Tuesday, April 21, 2020

Literally the Best Reviews: The Rabbit Girls

The Rabbit Girls - Anna Ellory
Lake Union Publishing
396 Pages

Historical fiction is somewhat a hit or miss with me when I read them. The best ones grab my attention and force me to procrastinate doing other things around the house until I finish the book. Such is the case with The Rabbit Girls by Anna Ellory. And this book delves into two distinct, yet connected, pieces of European history and includes a modern struggle. It’s all rolled into a narrative that kept me reading it in just one sitting.

It is 1989 and the Berlin Wall has just fallen. Easterners are meeting their Western friends and families after almost five decades of separation. Amid the turmoil of this reconciliation, Miriam Winter must care for her dying father, Henryk. When he utters the name “Frieda” in his delirium, Miriam wonders who she is, as it is not her mother’s name. And then she finds the tattoo on his wrist, hidden by his watch. Her exploration afterwards leads her on a mission to uncover the secrets her father has been hiding all these years.

Miriam finds a series of letters written to her father from Frieda detailing her life and love for Henryk. It also details some of the darker moments in her life, as well as a previously unknown dark moment from Miriam’s father’s past. Some of the letters are written in French, a language she doesn’t understand. She enlists the assistance of Eva, a motherly figure who just made it back to the West from Eastern Germany. The duo begin an unlikely friendship that ultimately will save Miriam’s life.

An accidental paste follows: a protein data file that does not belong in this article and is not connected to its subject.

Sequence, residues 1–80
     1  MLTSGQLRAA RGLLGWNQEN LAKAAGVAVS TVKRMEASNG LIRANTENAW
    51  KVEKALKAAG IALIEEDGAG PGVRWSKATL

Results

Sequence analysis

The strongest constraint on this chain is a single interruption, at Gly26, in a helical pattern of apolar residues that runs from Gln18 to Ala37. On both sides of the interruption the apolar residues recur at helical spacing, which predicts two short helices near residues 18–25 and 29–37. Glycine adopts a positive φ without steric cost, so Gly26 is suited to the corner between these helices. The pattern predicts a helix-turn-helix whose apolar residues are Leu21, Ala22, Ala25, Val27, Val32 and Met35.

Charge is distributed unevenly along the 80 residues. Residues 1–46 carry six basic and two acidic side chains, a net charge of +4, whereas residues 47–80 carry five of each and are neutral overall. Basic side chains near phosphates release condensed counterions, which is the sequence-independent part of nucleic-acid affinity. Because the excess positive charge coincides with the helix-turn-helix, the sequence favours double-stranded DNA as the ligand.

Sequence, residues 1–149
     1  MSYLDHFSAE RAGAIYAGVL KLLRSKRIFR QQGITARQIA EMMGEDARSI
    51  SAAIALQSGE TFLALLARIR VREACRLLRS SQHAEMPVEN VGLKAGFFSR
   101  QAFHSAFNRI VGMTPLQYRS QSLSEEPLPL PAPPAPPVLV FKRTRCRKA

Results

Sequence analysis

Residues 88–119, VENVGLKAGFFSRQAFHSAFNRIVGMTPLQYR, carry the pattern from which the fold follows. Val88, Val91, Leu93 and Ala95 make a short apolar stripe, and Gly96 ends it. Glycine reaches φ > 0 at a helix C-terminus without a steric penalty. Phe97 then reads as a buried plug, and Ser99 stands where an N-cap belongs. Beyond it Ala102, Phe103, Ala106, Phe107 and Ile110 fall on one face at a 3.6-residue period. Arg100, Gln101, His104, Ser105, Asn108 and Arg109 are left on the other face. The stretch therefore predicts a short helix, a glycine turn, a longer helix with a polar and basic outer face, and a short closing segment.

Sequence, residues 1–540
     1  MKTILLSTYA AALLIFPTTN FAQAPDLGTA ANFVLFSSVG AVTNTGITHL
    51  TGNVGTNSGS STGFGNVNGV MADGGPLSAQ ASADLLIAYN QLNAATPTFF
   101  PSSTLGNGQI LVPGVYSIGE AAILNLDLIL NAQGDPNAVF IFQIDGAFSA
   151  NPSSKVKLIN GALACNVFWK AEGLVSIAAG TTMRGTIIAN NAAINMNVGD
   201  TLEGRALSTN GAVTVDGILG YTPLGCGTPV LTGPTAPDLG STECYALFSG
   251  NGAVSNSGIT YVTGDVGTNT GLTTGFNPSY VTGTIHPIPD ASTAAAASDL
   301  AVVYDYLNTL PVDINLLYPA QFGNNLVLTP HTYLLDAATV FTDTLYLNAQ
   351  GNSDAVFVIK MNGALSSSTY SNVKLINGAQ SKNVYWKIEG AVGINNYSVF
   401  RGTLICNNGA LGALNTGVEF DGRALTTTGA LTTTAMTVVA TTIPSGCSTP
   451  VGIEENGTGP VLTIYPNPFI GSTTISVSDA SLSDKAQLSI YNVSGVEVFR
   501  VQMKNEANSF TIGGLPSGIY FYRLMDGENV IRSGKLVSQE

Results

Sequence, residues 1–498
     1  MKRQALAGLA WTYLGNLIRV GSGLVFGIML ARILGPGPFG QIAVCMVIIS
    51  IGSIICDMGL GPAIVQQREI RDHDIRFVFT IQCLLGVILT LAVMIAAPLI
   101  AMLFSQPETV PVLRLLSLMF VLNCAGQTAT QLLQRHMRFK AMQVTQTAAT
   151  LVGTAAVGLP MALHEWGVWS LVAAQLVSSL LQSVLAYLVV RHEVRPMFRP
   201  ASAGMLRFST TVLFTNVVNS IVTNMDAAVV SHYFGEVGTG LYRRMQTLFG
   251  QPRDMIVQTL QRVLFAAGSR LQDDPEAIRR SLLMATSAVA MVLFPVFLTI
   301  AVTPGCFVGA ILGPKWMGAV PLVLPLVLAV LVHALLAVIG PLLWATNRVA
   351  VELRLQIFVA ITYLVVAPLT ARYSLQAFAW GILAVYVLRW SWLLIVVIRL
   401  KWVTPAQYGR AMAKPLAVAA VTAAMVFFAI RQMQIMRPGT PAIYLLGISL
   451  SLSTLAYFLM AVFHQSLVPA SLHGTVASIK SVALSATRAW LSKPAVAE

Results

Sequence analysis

The translated letters, given to the reader separately over the course of many chapters, reveals more of the past that Henryk has worked so hard to suppress. Meanwhile, in his delirium, Henryk relives some of the moments that led to his incarceration and subsequent life after release. His memories come almost in conjunction with the letters that Miriam is reading for the first time.

While all this is going on, Miriam is attempting to escape a virtual prison of her own. Her husband, Axel, is overbearing and has an unhealthy power over her that he uses to his advantage. Using his charm, he creates a version of Miriam that is sick and needs his help as a loving husband. Her attempts to discover the secrets that now haunt her past are used against her. Who will believe her? What is the truth that has been hidden for so long?

The Rabbit Girls by Anna Ellory is one of those books that reads easily and fast. The chapters are quick hits of action, whether it be through flashbacks, attempting to thwart Axel’s plans, or snippets of letters found sewn in the hem of an old dress. There are times the reader will wonder if Miriam’s purported delusions have spread to the discovery of letters and secrets from her father’s past. We vacillate between believing what is going on and questioning everything. The two outlooks are woven together so delicately, it’s difficult to determine which path we are traveling.

The struggle that Miriam has while she attempts to hold on dearly to the memories that she trusts is the driving force behind this novel. She is a very empathetic character. You want her to finally win. You want her to put the darkness of her marriage behind her, and you want her to find the truth of her father’s past. And you want her to be able to mourn his life while everyone around seems to counter her abilities to do exactly that.

The Rabbit Girls is Anna Ellory’s debut novel. She has a second book releasing in October 2020 called The Puzzle Women. This new book is set in the same time period as this one, 1989. With the punch that this book had, I will definitely be looking to grab a copy of the new one at my earliest opportunity.

Craig Bacon lives for books. He misses the library a lot. This is probably the longest time he’s gone without visiting that temple to knowledge.